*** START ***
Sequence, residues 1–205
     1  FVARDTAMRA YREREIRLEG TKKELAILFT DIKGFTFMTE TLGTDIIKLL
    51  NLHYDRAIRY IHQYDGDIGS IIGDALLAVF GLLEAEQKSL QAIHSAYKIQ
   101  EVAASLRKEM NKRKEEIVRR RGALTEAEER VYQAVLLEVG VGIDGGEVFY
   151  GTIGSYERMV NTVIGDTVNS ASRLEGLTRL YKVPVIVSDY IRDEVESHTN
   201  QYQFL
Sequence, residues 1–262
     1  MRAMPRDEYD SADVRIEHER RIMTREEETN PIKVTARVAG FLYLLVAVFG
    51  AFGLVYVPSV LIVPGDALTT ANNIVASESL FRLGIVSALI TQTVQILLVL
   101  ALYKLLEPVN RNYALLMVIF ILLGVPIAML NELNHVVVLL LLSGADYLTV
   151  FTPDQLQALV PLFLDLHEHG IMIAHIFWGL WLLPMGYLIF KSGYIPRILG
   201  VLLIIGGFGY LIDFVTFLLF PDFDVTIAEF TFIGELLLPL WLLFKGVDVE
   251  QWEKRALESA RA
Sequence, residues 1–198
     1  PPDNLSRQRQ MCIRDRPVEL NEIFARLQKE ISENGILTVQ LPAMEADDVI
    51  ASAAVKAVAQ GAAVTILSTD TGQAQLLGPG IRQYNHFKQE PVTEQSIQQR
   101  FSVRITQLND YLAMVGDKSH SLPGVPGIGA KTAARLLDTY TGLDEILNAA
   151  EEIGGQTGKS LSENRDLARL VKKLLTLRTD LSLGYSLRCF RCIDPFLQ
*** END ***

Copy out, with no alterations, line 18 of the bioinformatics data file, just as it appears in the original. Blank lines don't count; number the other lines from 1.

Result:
   151  EEIGGQTGKS LSENRDLARL VKKLLTLRTD LSLGYSLRCF RCIDPFLQ